China AH share premium has reached a key support area

Fig 1: Hang Seng Stock Connect China AH Premium Index trend as of 12 May 2023 (Source: TradingView, click to enlarge chart)

The Hang Seng Stock Connect China AH Premium Index measures the absolute price premium or discount of China A shares over their dual-listed H shares in Hong Kong. A level above 100 indicates that A shares are more expensive than H shares and vice versa when the Index goes below 100.

The recent 3.3% contraction of the AH Premium Index from its 3 May 2023 high of 143.71 high has reached a key medium-term support at the 138.70 level which is defined by an upward-sloping 50-day moving average that the Index has traded above it since 22 February 2023.

Looking at the lens from a technical analysis perspective, the AH Premium Index may start to stage a rebound at this juncture and such a move is likely to be reinforced by more proactive accommodative monetary policies from PBoC. A potential up move in the AH Premium Index may reverse the recent softness seen in the China benchmark stock indices.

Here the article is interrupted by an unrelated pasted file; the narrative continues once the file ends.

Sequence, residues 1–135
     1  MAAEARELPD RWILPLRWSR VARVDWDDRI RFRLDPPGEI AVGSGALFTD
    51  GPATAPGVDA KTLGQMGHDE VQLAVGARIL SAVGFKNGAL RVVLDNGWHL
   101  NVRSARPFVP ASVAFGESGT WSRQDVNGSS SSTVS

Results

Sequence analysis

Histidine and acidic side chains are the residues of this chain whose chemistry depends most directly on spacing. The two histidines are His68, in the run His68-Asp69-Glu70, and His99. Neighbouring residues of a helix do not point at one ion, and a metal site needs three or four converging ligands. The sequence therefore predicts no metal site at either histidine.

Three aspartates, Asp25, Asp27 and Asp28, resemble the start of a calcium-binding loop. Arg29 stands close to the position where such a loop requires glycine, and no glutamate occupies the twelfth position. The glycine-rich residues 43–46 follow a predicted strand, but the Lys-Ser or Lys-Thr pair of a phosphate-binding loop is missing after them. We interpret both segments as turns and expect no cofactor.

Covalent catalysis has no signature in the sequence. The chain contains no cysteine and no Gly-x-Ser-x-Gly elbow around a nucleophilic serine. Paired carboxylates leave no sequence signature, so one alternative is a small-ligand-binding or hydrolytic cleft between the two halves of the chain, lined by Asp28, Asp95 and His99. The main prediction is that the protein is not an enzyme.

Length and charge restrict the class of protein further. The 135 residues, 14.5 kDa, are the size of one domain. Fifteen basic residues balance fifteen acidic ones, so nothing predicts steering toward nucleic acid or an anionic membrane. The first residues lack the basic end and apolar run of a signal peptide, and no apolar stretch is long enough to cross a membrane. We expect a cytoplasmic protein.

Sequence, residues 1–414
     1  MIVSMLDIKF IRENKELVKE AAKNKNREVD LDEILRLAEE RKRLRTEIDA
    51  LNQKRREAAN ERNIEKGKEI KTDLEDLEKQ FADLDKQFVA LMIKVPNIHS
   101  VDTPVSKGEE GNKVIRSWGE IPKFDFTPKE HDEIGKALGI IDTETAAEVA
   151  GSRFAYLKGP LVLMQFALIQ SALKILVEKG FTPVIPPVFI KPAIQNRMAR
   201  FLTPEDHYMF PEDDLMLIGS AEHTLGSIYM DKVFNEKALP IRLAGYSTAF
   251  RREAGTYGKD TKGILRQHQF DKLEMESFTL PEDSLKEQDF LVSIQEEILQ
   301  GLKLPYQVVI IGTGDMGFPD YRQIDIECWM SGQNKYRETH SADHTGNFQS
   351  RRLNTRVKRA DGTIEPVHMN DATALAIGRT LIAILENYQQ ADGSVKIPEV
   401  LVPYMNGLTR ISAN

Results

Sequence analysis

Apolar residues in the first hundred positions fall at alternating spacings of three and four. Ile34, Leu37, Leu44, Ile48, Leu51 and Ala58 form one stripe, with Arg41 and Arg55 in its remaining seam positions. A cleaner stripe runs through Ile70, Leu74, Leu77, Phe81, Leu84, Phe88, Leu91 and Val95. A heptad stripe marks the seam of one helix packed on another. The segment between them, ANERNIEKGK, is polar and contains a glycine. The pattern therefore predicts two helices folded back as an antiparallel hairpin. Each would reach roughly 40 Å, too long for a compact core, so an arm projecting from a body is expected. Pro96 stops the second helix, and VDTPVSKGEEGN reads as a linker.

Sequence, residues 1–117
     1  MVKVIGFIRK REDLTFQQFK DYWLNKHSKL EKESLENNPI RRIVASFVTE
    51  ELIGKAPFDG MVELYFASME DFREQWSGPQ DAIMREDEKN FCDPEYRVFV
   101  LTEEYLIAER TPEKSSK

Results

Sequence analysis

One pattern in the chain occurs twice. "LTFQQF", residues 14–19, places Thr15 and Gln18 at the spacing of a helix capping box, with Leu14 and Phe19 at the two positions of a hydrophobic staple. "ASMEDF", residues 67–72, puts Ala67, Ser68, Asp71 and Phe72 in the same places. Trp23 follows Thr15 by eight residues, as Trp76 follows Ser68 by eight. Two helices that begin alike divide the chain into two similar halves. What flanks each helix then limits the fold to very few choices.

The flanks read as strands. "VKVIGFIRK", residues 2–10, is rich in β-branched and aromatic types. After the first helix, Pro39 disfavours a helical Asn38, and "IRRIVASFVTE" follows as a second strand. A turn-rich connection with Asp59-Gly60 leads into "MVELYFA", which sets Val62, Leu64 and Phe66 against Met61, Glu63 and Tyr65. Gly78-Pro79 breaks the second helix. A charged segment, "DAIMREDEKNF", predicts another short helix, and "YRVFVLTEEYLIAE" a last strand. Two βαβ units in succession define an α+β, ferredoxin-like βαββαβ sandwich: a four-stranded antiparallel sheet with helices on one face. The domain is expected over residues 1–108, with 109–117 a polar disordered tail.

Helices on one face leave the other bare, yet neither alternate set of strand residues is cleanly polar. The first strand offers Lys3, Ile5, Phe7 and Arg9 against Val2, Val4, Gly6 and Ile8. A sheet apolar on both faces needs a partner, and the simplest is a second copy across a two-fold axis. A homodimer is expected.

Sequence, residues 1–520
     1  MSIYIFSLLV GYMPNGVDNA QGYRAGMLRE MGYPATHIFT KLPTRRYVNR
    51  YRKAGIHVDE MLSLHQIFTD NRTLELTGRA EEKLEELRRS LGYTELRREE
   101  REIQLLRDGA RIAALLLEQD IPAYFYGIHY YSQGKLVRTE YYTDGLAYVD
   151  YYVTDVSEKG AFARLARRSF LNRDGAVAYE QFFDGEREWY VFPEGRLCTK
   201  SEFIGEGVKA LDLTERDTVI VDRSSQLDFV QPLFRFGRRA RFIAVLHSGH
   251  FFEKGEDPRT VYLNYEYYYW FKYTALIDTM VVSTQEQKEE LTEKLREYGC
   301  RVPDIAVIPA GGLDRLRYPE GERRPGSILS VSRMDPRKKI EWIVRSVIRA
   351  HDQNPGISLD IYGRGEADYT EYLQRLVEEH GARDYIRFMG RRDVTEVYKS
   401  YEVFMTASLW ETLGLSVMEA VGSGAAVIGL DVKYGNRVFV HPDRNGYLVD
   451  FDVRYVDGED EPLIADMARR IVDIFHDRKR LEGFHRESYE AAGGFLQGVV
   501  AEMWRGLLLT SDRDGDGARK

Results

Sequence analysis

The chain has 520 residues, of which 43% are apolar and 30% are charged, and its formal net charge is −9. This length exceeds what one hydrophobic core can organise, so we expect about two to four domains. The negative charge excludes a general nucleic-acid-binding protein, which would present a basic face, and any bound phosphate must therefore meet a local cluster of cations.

China A50 Technical Analysis – 12,300 remains the key support to watch

Fig 2: China A50 trend as of 12 May 2023 (Source: TradingView, click to enlarge chart)

The China A50 Index (a proxy for the FTSE China A50 futures) failed again to stage a bullish breakout above its 13,470 intermediate range resistance on Tuesday, 9 May; its second attempt and it staged a decline of -3.7% thereafter.

Short-term upside momentum is still non-existent as indicated by the 4-hour RSI oscillator which is still below a corresponding resistance at the 58% level and has room for a potential further slide before it reaches an oversold region (below 30%).

A point to note is that the Index is still evolving in a potential long-term bullish impending “Inverse Head & Shoulders” configuration since the 15 March 2022 low with the key medium-term pivotal support at 12,300.

A clearance above 13,470 sees the next resistance coming in at 14,100.